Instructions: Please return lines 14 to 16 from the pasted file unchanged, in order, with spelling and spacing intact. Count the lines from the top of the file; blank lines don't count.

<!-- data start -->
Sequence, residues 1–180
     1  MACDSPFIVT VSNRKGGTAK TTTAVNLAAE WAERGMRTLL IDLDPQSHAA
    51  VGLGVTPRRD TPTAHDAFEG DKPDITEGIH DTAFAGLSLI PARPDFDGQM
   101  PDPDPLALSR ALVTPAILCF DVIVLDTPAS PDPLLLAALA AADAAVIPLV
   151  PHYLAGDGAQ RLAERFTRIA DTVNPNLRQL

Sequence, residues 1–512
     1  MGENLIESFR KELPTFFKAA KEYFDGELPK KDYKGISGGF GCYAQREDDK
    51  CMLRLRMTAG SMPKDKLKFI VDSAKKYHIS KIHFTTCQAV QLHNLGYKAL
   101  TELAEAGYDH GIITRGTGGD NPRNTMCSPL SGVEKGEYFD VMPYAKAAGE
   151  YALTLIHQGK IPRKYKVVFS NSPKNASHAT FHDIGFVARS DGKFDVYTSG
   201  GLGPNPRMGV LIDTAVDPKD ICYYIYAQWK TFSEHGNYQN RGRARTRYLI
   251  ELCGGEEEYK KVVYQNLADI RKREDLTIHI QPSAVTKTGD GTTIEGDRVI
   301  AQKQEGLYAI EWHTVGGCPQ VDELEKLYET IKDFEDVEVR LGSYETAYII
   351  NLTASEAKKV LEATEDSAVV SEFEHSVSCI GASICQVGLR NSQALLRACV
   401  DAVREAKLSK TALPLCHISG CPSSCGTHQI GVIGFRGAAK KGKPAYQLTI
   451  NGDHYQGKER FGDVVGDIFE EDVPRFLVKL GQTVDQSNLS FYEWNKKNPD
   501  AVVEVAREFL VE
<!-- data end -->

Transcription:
   351  NLTASEAKKV LEATEDSAVV SEFEHSVSCI GASICQVGLR NSQALLRACV
   401  DAVREAKLSK TALPLCHISG CPSSCGTHQI GVIGFRGAAK KGKPAYQLTI
   451  NGDHYQGKER FGDVVGDIFE EDVPRFLVKL GQTVDQSNLS FYEWNKKNPD